Already, we are back at the old Budd Boetticher/Randolph Scott watering hole for Decision at Sundown (1957). Scott even gets a sidekick, Noah Beery, Jr.
It starts with Scott getting off a stagecoach. But he doesn't wait for a normally scheduled stop - he sticks a gun in the drivers ear and makes him stop. Then he fires a shot to alert ... alert ... to alert Noah Beery, who finally shows up with an extra horse. He'd fallen asleep. And so they make their way to the town of Sundown, where Scott has business with Tate Kimbrough (John Carrol). To kill him.
Beery lets Scott know that Tate is a big man in Sundown, and that he is getting married that very day. So Scott goes to the barber for a shave so he'll look good for the wedding. Then he heads to the saloon where he refuses to drink on Tate's tab. Finally, he heads to the church and lets Tate know that he aims to kill him.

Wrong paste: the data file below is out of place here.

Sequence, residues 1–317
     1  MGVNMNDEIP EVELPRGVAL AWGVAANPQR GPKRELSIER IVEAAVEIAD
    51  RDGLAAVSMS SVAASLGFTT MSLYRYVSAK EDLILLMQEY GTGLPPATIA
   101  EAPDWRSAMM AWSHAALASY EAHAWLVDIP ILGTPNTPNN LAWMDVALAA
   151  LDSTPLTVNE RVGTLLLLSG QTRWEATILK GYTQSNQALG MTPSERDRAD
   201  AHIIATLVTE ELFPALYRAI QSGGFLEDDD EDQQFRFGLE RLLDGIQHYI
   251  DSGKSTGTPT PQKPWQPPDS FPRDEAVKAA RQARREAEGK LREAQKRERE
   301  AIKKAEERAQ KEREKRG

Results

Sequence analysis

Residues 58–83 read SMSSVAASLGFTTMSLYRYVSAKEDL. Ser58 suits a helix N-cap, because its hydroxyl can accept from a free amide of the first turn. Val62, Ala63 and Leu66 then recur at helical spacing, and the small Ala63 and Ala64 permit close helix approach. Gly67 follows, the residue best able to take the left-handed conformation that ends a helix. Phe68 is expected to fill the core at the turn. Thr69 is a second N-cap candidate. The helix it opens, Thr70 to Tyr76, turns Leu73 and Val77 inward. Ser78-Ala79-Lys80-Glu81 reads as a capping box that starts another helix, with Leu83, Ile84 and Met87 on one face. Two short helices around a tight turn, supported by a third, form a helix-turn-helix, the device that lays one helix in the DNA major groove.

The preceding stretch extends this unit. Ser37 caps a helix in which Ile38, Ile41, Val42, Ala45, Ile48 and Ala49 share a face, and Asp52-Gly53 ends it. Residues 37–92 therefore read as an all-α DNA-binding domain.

That warning leads to an amazing stand-off, with Scott and Beery holed up in a stable. We get to meet the people of Sundown. The woman Tate is fooling around with but won't marry. The bought-and-sold sherrif. The doctor who doesn't like Tate, but opposes violence. He can move freely between the townspeople and the stable.
The way upright Scott rides into town, forthrightly declares himself, and sets out to make good on his intentions is contrasted with the corrupt leaders and follow-the-crowd townspeople of Sundown. But there's a twist to this movie. Scott may be sure, but is he right? Noah Beery keeps trying to get him to reconsider, and maybe get something to eat. So we not only get Scott unutterable cool, but we get a critique of it as well.
In conclusion, these are great westerns.